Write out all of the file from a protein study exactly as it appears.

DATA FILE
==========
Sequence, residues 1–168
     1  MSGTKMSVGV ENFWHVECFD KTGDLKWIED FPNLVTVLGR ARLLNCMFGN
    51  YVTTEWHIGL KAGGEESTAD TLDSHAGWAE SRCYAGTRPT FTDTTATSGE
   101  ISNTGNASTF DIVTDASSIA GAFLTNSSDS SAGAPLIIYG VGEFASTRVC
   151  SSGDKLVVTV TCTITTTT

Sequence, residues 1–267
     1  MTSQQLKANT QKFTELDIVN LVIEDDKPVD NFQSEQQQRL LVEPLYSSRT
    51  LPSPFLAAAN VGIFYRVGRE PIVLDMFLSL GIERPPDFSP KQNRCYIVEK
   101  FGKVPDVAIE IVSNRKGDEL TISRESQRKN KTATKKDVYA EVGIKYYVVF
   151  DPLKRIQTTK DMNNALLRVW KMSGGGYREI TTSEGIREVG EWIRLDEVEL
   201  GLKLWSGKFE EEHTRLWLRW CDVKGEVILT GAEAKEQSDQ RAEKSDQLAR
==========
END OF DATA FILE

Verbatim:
Sequence, residues 1–168
     1  MSGTKMSVGV ENFWHVECFD KTGDLKWIED FPNLVTVLGR ARLLNCMFGN
    51  YVTTEWHIGL KAGGEESTAD TLDSHAGWAE SRCYAGTRPT FTDTTATSGE
   101  ISNTGNASTF DIVTDASSIA GAFLTNSSDS SAGAPLIIYG VGEFASTRVC
   151  SSGDKLVVTV TCTITTTT

Sequence, residues 1–267
     1  MTSQQLKANT QKFTELDIVN LVIEDDKPVD NFQSEQQQRL LVEPLYSSRT
    51  LPSPFLAAAN VGIFYRVGRE PIVLDMFLSL GIERPPDFSP KQNRCYIVEK
   101  FGKVPDVAIE IVSNRKGDEL TISRESQRKN KTATKKDVYA EVGIKYYVVF
   151  DPLKRIQTTK DMNNALLRVW KMSGGGYREI TTSEGIREVG EWIRLDEVEL
   201  GLKLWSGKFE EEHTRLWLRW CDVKGEVILT GAEAKEQSDQ RAEKSDQLAR